In 1990s, Yan Sun had created a series of paintings characterized by their black backgrounds. In these paintings, some seemingly unassociated images appeared in one space, and they have composed of a bewildered, fantastic, and helpless loneliness. Burning in the Wind: The Memory Fragments (Figure 12), A Journey in Space (Figure 25), and Pool (Figure 28) are among the most manifesting examples. We can almost imagine the strong relationship between such a quality and the artist’s situation in that time period. It was not that the artist intentionally distorted or contorted the images; his goal was to seriously examine and visualize his dream, thoughts, and emotions. In order to accomplish the visualization, he had created an artistic conception that is supported by interweaving and inverting time and space. Also, it is corroborated with a strong, mysterious contrast of brightness and darkness. Yan states:

As the products of inspiration between mind and nature, my artworks are composed of three main issues: Life · Time · Space. Nature not only gives me a sense of existence but also the meaning of life. Life has associations with time and space. LIFE means being alive in general, and it also means the life of the artist and the life of the human being. TIME is history, and it bridges past and present. Time means moments in real time, as well as psychic time which can bring moments completely separated in real time together simultaneously. SPACE is my dream. Space is not only real space; it is psychic, illusionary, and unlimited space. Although my paintings are two-dimensional, they are not representative of the three basic physical dimensions. That’s why I prefer the black background. The black background functions as the changed psychic and dream space within which there is unlimited potential of happening. The elements that appear in that space do not necessarily occupy the same time frame or physical space. (Yan Sun, 2003. Life · Time · Space—Yan Sun’s Paintings, Hayden Museum of American Art, p. 1.)

An art professor who now teaches both Western and Eastern art history, as well as studio art, Yan Sun continues enriching his aesthetics, and at the same time, creates artworks that represent his ideas of contemporary art. The subjects of his paintings range from dream-like scenes to views of everyday life. Yan Sun’s strong aspiration of representing spirit and humanity has been revealed in his still-life paintings. No matter if it is deliberate arrangements or free placement, the viewers can always feel the sharp confrontation between good and evil, as well as justice and immorality. In some of Yan Sun’s paintings, such as Peaceful Emotion (Figure 219) and Eternal Love (Figure 229), the glint and flash of cold steel is apparent. However, they only set off the humanistic values more visibly through religious pictures, depicting the hymnal, violin, and drawings by children. This is a philosophical thought about eternity and moments; and this is an attempt to use images to reveal invisible activities in the psychic world. Yan Sun often paints skulls, objects that have been infused with religious meanings. Not only the artist saw them frequently in Tibetan areas in China, he also observes their use in Texas and in Indian tribal areas. He uses them to represent the theme of life and death.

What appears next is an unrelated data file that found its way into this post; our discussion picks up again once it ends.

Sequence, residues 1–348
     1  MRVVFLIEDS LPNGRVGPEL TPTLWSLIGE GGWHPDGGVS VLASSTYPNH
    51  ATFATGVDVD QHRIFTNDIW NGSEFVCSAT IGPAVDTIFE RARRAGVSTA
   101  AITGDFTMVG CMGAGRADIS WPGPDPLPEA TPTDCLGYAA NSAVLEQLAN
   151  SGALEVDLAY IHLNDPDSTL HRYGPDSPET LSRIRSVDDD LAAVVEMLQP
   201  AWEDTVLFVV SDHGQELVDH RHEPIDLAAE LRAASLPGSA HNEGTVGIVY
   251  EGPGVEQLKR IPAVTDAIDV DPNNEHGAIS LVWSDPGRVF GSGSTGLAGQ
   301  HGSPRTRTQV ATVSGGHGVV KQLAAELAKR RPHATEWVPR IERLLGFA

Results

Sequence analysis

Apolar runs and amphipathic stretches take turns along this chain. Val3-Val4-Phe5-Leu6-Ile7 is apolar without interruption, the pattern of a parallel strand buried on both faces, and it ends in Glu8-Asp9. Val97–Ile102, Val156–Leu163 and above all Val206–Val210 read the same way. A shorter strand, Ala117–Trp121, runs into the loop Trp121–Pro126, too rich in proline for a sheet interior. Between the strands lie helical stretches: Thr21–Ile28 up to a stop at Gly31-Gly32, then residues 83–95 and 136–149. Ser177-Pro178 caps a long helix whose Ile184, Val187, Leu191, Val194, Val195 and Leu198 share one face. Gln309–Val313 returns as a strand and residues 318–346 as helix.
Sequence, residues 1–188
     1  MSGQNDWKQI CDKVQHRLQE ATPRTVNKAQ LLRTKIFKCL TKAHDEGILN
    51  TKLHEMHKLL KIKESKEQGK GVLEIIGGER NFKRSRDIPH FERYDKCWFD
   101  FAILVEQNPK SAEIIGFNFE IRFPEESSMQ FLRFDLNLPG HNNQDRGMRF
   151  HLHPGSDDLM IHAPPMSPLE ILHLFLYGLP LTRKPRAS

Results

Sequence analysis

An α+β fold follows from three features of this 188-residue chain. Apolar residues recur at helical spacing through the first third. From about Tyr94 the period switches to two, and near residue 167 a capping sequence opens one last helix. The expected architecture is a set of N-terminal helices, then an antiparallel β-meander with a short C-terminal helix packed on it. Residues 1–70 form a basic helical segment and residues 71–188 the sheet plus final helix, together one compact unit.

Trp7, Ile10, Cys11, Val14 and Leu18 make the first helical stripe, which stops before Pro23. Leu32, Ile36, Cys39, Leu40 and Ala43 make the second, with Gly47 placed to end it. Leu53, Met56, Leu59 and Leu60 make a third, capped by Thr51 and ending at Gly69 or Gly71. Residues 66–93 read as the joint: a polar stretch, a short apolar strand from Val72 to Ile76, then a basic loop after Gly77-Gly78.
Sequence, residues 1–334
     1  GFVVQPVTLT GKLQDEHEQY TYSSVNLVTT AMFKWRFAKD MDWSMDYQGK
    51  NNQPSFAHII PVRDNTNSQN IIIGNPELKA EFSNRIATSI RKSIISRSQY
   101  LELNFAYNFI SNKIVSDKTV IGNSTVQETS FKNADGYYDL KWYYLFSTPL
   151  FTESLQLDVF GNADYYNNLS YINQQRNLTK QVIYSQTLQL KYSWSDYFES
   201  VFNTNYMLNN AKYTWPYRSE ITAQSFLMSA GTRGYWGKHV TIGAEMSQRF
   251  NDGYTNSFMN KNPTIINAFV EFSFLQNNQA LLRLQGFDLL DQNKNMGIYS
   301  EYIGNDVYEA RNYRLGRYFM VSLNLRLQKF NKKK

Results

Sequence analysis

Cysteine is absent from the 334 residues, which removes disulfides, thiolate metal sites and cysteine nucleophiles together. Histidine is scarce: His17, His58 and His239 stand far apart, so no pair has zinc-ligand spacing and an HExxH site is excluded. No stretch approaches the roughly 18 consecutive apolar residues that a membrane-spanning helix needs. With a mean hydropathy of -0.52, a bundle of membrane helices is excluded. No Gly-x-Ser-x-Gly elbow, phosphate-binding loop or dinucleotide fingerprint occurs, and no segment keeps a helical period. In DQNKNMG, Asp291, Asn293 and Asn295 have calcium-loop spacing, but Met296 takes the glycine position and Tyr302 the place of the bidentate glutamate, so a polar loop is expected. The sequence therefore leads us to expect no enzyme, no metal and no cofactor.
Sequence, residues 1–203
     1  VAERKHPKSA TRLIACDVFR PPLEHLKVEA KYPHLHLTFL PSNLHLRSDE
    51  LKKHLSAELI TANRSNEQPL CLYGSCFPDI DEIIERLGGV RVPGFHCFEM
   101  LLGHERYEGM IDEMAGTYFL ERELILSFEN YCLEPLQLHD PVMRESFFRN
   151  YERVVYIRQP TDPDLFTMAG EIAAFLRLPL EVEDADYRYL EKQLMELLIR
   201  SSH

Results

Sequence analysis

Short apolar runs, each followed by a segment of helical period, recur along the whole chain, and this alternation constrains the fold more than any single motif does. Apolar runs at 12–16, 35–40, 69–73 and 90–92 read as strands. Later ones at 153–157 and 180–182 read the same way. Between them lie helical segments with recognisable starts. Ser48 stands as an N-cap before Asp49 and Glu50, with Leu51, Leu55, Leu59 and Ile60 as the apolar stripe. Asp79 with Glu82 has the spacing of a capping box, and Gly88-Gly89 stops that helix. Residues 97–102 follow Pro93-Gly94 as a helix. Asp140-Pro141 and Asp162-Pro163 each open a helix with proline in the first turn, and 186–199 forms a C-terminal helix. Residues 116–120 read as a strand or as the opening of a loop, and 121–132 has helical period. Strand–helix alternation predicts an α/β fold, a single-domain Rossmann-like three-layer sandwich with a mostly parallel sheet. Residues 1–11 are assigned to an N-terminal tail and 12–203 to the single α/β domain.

Yan Sun has long been fascinated with various cultural traditions, especially those of Tibetan and Native American Indians because of the mystery of their religions, their genuine devotion, and their lively, touching, and colorful artworks. He had traveled to and lived in Tibetan areas. Yan loves to see the artistic and historic displays of American Indian in museums and also likes to visit Indian tribes in Oklahoma and New Mexico. Some Indian festivals, such as the “Red Earth Festival,” have now become a rich resource of the artist. The legacy of American Indian inspired Yan Sun to create a series of American Indian portraits. Yan Sun tried to probe into and represent the spirit of Native American India culture through this particular art form. It is apparent that he has devoted a great passion and amount of time in this area.

The depiction of people and scenes are powered by the skilled techniques and perceptive observation of life. Yan Sun’s paintings Remembrance (Figure 30) and Blue in Red Earth (Figure 193) pay an homage to American Indian culture in a special way. These paintings represented the mystery of the culture. However, with the infusion of emotion and celebrating colors, they are imbued with human kindness and beauty of life.